Sunday, October 11, 2009

Economic Survey October 2009

I considered digging my Businessweek out of the trash for an easy layup of a post, but instead I wanted to look at a survey of some current economic data points.

1st I saw this at Calculated Risk earlier this week. I highly, highly recommend his blog. He does some analysis but he always has good data and charts for the periodic economic reports that various government agencies generate each month. This is the JOLTS survey.

from Calculated Risk
What's important to note here is how the graph works with the blue line and the green & red bars being the most important. The green and red make up the loss of jobs. The green is persons who have quit and the red is the layoffs. The blue is the amount of hires. Obviously when the blue line is above the green and red column the economy is adding jobs.

When I read the chart it is telling me the turnover in the economy is slowing. Both hiring and loss of labor is slowing down and there is also structural unemployment as workers switch from housing and finance related careers to healthcare and government roles. People are not leaving their jobs for new opportunities, it seems as everyone is hunkered down. This is especially bad for young people who are trying to enter the workplace with their new degree (Bachelors and Masters) in hand. As the turnover falls people are not advancing upwards creating new entry level jobs. Some anecdotal evidence is here, and here.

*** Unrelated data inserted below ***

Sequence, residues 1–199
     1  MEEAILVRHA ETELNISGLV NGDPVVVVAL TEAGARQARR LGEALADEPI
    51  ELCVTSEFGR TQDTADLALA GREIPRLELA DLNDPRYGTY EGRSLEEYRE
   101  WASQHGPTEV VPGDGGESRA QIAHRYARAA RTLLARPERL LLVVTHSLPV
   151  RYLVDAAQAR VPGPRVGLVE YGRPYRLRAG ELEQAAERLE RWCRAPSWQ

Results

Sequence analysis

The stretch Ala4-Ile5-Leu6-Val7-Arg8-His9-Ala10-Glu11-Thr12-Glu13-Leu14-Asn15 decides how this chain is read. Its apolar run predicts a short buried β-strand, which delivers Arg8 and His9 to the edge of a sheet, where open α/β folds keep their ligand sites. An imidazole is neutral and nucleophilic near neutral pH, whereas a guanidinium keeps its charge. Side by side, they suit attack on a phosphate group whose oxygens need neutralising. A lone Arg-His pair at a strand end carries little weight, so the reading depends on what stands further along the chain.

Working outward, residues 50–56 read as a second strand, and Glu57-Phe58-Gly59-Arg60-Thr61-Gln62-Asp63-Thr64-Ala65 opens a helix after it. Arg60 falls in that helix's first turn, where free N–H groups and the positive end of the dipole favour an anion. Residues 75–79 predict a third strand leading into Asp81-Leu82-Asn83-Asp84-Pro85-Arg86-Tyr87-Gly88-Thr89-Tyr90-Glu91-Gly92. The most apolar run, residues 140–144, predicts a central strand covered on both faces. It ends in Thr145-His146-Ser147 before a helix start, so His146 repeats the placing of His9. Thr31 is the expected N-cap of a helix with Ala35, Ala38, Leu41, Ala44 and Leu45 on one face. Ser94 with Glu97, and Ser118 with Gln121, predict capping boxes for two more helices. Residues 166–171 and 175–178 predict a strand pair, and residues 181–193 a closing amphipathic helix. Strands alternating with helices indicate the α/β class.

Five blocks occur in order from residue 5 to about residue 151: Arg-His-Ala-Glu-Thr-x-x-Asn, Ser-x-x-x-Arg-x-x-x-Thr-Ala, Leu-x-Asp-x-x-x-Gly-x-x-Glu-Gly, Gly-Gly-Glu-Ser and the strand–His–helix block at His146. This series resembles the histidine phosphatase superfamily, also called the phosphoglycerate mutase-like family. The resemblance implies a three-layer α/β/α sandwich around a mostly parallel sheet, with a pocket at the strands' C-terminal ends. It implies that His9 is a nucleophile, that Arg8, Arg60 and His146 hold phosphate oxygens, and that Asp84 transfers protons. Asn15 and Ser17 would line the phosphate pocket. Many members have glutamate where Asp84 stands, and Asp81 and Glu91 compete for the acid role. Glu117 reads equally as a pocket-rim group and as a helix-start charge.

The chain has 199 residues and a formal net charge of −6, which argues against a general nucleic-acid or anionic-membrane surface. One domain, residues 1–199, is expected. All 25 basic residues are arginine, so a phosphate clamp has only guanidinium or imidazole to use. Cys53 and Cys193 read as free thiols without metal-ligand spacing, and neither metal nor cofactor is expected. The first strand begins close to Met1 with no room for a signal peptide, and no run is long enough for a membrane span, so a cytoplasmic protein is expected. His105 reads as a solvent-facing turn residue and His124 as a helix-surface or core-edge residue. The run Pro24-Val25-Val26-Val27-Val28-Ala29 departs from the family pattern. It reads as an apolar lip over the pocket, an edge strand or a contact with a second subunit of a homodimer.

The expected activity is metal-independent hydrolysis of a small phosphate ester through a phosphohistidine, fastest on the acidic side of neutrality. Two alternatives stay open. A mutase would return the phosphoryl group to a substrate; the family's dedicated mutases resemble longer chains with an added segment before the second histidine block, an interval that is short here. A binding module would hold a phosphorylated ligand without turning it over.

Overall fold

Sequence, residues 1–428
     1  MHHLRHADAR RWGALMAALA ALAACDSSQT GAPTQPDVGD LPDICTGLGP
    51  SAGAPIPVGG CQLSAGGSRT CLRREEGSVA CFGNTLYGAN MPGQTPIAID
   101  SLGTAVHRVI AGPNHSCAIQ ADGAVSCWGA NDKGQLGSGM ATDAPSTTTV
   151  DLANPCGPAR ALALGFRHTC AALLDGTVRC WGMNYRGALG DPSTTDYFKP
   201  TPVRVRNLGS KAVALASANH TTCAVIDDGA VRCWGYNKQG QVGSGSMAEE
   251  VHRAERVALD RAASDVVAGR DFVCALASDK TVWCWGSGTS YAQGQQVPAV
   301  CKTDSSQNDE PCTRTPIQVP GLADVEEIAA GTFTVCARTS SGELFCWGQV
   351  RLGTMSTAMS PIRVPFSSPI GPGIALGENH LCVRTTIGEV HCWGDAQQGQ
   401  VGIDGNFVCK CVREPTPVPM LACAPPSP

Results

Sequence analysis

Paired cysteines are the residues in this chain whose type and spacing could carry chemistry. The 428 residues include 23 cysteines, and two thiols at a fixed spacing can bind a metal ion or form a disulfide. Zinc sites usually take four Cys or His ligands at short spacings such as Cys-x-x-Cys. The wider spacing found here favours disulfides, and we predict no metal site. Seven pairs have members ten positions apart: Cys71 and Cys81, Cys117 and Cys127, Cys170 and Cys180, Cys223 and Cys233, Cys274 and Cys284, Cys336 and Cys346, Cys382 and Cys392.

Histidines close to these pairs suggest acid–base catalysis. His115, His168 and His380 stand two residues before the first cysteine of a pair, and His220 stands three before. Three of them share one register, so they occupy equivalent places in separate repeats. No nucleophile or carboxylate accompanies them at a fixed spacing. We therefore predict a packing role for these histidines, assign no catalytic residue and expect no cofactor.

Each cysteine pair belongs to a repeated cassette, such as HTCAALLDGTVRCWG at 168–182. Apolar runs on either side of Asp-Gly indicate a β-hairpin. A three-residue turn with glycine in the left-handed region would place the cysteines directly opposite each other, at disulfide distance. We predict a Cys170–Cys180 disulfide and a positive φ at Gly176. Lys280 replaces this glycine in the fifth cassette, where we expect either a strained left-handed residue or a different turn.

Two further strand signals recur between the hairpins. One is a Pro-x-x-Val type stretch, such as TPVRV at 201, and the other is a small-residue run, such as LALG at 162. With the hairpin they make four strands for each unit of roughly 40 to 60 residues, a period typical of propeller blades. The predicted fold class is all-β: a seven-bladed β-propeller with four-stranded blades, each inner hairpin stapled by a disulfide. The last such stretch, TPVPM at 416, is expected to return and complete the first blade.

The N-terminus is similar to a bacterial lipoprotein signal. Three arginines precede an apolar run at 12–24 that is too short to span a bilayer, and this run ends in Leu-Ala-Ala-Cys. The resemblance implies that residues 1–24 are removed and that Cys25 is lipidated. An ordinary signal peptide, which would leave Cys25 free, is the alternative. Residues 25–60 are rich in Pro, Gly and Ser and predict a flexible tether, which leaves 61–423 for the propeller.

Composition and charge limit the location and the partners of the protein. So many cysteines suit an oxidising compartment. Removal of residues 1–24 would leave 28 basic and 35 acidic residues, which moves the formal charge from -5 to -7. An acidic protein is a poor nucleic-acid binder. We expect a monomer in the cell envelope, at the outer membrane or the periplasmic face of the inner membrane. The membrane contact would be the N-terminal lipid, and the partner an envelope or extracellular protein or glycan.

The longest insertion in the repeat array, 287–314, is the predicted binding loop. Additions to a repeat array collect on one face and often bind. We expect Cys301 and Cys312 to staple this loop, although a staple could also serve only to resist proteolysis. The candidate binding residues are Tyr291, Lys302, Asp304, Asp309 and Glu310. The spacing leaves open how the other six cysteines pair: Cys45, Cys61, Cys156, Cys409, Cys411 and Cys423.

The yellow line represents job openings. Obviously more data points would be helpful, this survey was only begun in 2000 but job openings at its lowest level does not portend well for the economy.

Second on my economic survey is the trade data. Again Calculated Risk did the heavy lifting with the charts.

1st We look at it on an absolute level. The drop in trade is breathtaking. However, the economy has also grown in the past 15 so we should look at this data in real terms as well. I should probably do this myself but I am lazy and will just tell you that it isn't any worse than it was in 2002 in "real" terms as a percentage of GDP. Here is a chart I found after a minute of Googling.

Here is my updated chart from the BEA.

So it reaches about 5% and has now contracted back and expected to do so in the near term. However, the near term means about 5 years. Here is what happened this month.

via Calculated Risk
You should enlarge the chart to get a good feel for it. Here Calculated Risk has shown the deficit in goods/services with oil removed, oil by itself and then the total. So even though the data point is improved overall (blue line) it was because oil was cheaper in this month. We actually imported more goods/services. [The removal of oil is because of this line of thinking: oil will be whatever it has to be because it the lubricant of the economy, so we should remove it to see what the underlying consumer is actually doing.]

Maybe a few brown shoots but I still don't see the green shoots.

Currently my trading model has longs in equities emerging and domestic, real estate US and ROW, bonds both emerging and domestic, gold. Shorts are in commodities and managed futures. However, I expect that this stance will not last very far into the new year.

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